English Prefers Passive Voice!

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Jun 7, 2019 13:53
Back in middle school, my Chinese English teachers taught us that “the English language prefers the passive voice to the active voice.” They explained that using the passive could make the writing seem more objective. (The reason looks weird to me now.) Also, all the English grammar books written by Chinese people told us that using passive voice is more sensible so scientists like to use them. I wasn’t very good at English exams back in high school, so the above knowledge didn’t sink in.

In university, I started reading English extensively and improved a lot. I never found that passive voice is preferred. To me, the active voice is no doubt clearer because, unlike passive voice, the message of who performs the actions isn't missing. But I still heard many Chinese people, including teachers, bring up the knowledge that the passive voice is better. Since I’d reached a certain level of English to the extent of finding that assertion weird, I consulted several American friends, but they all said it wasn’t true. Interestingly, whenever I told my fellow countrymen, they usually replied like this: “Well, you asked Americans, but perhaps it's different in British English, which is more strict….”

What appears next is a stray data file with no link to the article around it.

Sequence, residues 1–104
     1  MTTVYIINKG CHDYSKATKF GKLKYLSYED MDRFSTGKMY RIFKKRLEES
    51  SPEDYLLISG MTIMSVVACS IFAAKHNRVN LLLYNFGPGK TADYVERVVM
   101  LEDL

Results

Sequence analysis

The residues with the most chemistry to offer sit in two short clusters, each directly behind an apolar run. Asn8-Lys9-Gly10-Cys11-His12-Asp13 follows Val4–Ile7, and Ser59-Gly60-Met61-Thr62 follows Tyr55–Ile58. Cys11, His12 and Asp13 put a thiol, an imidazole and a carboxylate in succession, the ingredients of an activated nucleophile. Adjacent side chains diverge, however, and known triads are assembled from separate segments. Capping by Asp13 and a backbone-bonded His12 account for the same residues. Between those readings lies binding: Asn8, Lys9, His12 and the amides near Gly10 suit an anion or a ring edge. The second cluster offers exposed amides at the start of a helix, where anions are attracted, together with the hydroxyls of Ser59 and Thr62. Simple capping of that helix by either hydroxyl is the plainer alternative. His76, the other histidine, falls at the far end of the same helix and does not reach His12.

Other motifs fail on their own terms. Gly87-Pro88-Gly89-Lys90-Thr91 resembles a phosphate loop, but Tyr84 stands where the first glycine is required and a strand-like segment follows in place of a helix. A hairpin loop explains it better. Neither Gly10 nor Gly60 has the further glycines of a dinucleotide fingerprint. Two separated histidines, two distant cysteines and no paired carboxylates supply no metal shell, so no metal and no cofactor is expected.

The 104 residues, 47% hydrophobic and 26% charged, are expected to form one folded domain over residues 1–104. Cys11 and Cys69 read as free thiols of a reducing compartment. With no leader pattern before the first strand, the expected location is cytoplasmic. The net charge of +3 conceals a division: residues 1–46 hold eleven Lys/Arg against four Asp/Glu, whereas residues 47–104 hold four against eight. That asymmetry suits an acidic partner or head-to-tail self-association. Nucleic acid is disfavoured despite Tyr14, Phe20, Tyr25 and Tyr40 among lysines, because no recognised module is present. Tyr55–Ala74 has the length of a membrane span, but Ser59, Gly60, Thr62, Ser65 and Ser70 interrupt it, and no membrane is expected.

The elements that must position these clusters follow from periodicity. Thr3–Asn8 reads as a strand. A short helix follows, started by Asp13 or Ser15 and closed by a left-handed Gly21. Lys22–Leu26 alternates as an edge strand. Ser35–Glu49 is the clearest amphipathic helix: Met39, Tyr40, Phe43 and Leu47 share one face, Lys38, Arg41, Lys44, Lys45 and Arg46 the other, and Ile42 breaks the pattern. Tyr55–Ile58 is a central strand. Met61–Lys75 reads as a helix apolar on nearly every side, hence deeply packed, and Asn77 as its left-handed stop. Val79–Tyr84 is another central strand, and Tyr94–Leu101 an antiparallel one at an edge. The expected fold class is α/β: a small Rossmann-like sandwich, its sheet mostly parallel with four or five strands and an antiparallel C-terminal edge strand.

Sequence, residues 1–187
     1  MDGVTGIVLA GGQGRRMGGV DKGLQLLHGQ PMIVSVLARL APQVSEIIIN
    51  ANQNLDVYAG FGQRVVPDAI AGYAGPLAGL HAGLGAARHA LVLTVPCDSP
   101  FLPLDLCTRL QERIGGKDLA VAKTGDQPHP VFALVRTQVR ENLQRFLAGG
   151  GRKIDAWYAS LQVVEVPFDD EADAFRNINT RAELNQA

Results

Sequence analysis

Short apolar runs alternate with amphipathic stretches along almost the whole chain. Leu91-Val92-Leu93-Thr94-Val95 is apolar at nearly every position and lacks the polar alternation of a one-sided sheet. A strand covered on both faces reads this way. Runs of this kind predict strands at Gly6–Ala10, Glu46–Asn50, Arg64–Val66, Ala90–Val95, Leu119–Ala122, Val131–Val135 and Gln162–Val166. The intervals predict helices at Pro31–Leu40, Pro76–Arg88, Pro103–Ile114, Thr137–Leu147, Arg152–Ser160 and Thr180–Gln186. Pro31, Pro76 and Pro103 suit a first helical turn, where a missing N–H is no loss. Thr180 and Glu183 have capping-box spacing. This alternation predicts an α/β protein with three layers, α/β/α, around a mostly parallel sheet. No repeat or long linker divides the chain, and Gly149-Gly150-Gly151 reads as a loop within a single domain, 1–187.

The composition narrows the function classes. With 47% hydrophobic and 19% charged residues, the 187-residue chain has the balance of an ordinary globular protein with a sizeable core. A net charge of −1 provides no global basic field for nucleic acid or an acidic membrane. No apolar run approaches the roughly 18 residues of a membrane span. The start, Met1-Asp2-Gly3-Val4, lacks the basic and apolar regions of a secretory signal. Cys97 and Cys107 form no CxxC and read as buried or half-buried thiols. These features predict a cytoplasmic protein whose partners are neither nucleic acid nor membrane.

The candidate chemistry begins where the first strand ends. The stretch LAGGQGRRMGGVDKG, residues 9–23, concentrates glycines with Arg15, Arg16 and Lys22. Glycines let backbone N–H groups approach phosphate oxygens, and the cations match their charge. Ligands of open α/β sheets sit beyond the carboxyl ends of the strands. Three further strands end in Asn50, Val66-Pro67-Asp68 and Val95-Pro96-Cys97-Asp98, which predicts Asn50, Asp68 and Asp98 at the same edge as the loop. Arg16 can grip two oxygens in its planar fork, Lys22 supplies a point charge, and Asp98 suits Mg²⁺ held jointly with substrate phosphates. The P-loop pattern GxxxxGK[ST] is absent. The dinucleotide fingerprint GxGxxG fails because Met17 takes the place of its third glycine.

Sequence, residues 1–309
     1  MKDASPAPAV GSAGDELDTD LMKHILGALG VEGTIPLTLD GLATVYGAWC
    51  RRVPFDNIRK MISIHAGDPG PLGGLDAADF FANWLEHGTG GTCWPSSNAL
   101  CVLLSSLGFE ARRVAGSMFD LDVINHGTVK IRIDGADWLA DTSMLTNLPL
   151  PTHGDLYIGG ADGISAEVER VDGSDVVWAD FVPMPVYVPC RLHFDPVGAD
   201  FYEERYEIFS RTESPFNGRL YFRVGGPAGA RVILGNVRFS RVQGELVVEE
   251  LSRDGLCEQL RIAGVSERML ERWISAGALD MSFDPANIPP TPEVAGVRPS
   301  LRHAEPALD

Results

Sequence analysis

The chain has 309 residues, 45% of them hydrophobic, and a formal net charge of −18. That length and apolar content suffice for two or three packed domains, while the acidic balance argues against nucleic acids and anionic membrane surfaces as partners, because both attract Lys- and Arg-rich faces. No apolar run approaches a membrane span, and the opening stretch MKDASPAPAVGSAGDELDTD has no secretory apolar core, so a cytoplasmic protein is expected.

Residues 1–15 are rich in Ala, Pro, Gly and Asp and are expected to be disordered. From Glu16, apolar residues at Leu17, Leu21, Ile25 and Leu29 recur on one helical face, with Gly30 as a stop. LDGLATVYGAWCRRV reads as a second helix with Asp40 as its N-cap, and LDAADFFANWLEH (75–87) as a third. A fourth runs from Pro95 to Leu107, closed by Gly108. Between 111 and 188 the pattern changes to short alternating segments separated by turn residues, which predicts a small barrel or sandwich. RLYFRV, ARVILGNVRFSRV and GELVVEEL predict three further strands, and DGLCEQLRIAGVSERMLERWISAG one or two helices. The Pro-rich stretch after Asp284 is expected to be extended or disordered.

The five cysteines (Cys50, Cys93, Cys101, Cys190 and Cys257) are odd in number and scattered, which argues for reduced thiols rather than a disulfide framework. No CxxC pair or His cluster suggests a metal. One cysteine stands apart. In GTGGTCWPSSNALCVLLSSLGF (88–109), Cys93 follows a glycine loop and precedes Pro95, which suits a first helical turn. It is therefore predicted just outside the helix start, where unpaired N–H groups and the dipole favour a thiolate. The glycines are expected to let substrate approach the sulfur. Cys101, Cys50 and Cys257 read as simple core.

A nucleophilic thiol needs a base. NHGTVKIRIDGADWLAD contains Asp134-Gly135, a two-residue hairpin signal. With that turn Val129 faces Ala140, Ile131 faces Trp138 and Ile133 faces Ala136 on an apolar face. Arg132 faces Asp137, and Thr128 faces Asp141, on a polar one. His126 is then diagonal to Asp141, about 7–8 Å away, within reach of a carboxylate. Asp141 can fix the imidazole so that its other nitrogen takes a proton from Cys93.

Recently I read a Lang-8 friend’s entry saying that she worked as an editor and she found her Russian clients tend to overuse the passive voice, which makes their writing very unnatural. She asked them why and they all answered that their teachers taught them so.

Now I was just flipping through the most popular Kaoyan (China’s GRE) guidebook in China, and read these lines blatantly stating that “英语比较喜欢被动 The English language likes to use the passive voice.”

I wish to know your opinions, my Lang-8 friends, because you guys are always trustworthy.

[Revised]